Behind the Photo - 12.10.11

20mm, 1/100th, f16, ISO 200, circular polarising filter turned to max

As you can see, there is nothing remotely complicated about this photograph, but for me it's always going to represent one of the best and most remote day's fishing I have ever had the fortune to be around. It's a somewhat sad fact these days that for the most part you need to get far, far away from human influence to really see how fishing and fish stocks can really be if they are essentially left alone. And yes, I always then try to imagine how good our fishing here in the UK might be if "our" stocks of sea fish were not systematically raped and pillaged with a disregard that in my opinion borders upon evil..........best stop before I get myself into a rant !!

I can't find a way of proving if I am right or wrong, but I believe we might have been the first people ever to go and fish this particular flat. I am also pretty sure that nobody had trod on there with cameras before. OK, so I was not fishing, but I was there with my camera gear to photograph two frighteningly competent South African fly fishing guides on their one day off in the Seychelles season. We are on the remote Providence atoll which is hundreds and hundreds of miles from anywhere that we might call civilisation. This was before the piracy issues became a problem in this part of the Indian Ocean and the Seychelles government closed down mothership operations for the time being. It's quite an ominous feeling to be walking in such shallow waters in the middle of the vast, hot and humid Indian Ocean, but Providence atoll is awash with pristine flats that can at times literally crawl with fish. And I can't tell you how I love it when that hot sun climbs high in the sky and then literally lights up the shallow sand flats. Strap a wide angle lens on, rotate that circular polarising filter to the max and fire away. I hope that some my photographs might elicit a "feeling" within the viewer, and I intend that this simple composition of that lone fly fisherman wandering along in the middle of nowhere gives the impression of scale. I tried to frame it so that you almost don't even notice the fisherman at first. You are drawn to the huge blue sky and those waspish white clouds that were in fact ripping along in front of a strong breeze. Then I hope those wonderfully yellow sand flats leading off into the horizon bring your eye to that lone fisherman striding along. It's that sheer sense of vastness or scale to me that makes the overall experience so memorable.

I suppose that I so enjoy photographing on tropical flats systems because it's just so unlike anything I might do from day to day, either in my fishing or my work. It's like an alien environment to me that I know I am going to very rarely visit for my work. Just the fact that such shallow warm water can be so insanely good for fishing is reason enough to love the flats, but from a photography point of view I love the fact that you need to forget all about the supposed "rules" of the medium and do things a bit differently (and yes, when you get dull grey skies it's about as rubbish to photograph as you can possibly imagine !!). I have rarely seen a decent sunrise or sunset out on the flats myself, so to me the absolute best time for photography is exactly when it's actually meant to be at its worst. A high midday sun makes things really harsh, but to my eye you need those flats to be lit up to make your photos come alive. Look at that yellow strip at the bottom of my photo. The flats don't really light up until the sun is directly above them, and this also ties in with the best time for sight fishing. Flats systems seem to be such an almost otherworldly place if you like, a kind of alien location stuck in the middle of an ocean. And especially somewhere as remote as this atoll. Rarely have I felt so wonderfully removed from the outside world, indeed the lack of internet access and mobile phone coverage without doubt helps to restore the soul a bit.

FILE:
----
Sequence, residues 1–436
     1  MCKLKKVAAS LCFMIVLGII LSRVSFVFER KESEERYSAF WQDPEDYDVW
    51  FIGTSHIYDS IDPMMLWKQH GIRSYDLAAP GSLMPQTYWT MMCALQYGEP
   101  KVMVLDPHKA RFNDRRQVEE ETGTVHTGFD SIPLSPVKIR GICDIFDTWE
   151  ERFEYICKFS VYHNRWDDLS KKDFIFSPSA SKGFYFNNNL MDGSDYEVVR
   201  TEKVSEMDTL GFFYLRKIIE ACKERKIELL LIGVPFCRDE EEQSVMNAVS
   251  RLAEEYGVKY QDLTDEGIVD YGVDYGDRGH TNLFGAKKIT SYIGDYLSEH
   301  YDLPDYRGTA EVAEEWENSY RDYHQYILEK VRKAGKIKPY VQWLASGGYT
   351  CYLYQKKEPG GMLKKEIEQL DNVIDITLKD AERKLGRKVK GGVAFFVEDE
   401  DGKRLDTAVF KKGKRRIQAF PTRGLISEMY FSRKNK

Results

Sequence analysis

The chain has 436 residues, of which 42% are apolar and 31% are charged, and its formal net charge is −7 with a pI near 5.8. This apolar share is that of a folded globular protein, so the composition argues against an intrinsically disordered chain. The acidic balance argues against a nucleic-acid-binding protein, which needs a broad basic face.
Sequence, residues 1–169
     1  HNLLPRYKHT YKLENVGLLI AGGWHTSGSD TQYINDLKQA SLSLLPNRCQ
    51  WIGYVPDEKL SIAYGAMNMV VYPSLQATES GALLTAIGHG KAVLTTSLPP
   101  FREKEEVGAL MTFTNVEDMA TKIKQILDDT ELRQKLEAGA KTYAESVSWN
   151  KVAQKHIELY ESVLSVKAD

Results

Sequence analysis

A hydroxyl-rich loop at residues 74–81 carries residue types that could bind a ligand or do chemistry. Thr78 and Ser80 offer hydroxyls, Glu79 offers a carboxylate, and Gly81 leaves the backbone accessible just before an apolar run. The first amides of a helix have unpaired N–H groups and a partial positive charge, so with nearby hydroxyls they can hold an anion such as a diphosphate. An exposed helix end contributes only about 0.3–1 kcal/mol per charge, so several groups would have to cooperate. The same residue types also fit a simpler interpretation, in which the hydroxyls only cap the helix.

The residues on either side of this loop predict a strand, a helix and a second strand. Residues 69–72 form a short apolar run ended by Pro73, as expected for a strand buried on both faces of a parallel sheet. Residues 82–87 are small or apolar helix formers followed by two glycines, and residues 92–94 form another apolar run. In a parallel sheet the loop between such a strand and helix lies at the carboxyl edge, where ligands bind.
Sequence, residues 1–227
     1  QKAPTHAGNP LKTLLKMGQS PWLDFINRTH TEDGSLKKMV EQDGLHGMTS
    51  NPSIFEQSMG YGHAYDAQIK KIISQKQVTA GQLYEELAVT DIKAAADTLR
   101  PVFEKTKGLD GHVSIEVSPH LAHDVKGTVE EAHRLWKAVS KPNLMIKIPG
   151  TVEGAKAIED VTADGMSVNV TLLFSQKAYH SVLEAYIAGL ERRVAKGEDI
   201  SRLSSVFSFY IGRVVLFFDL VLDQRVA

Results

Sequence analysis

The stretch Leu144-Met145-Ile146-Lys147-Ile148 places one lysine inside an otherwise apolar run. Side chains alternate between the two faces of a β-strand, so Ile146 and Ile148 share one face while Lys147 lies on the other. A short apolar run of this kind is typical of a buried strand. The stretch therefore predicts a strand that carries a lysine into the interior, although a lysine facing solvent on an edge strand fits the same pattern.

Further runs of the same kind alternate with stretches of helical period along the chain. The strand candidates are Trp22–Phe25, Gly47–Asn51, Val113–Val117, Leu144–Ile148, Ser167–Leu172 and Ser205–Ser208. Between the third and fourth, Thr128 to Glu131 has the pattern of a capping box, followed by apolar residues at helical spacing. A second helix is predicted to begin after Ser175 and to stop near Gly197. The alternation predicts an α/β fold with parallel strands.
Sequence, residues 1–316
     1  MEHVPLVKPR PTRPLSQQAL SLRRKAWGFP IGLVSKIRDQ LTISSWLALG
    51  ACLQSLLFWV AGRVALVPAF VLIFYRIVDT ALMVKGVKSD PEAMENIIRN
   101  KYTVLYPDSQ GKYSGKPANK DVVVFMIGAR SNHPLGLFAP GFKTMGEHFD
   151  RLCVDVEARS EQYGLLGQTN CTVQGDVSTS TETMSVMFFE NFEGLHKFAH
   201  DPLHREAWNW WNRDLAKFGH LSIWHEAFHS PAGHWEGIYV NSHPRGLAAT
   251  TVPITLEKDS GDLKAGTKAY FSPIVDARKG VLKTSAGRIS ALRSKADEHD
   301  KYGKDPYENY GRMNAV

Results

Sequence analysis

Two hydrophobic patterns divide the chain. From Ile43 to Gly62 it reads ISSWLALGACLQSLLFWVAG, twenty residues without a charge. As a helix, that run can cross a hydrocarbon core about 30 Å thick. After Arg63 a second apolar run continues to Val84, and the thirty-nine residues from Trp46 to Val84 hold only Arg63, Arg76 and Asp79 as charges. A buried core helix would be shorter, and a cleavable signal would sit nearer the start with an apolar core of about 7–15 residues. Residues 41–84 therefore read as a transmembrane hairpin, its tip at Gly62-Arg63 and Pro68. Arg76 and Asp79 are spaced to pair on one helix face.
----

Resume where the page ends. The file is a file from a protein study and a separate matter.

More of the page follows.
As for the fishing that day, it was about as insane as bonefishing is ever going to get. On the way to this particular flat that seemed to stretch to the ends of the earth the guys smashed a few nice triggerfish on little crab flies, but then they literally fell upon the bonefish population like men possessed. One day off in the middle of nowhere and of course they go fishing, but almost every bonefish I saw that day was easily over 5lbs, indeed I reckon I saw fish caught around the 10lb mark. Some of the bones were literally taking the fly not a couple of metres off the rod tips, and in some properly skinny water. I am talking ankle deep at times. Everywhere you looked you saw big bonefish, and one of the guides even hooked and landed a decent milkfish. Talk about a day to rattle off some serious photos and then store the whole experience in one's head to draw upon when required. On a photo trip like this I have to pinch myself that I can really call it my job, but then I also know that this kind of thing does come along that often. What I do means that I quite simply have to take photographs which I can sell, but what no magazine article, book or indeed film can ever get across is the sheer sense of amazement that such a simple thing as fishing can take us to places on this magnificent earth like this. I love to feel completely humbled by my surroundings, and I can but hope that this simple photograph goes some way towards translating my feelings about it all. We fish, we live, we move on, but we are but nothing in the grand scale of things. Or is that way too deep and meaningful for a little fishing blog ? Working for long hours on my own is perhaps not always that good for me !!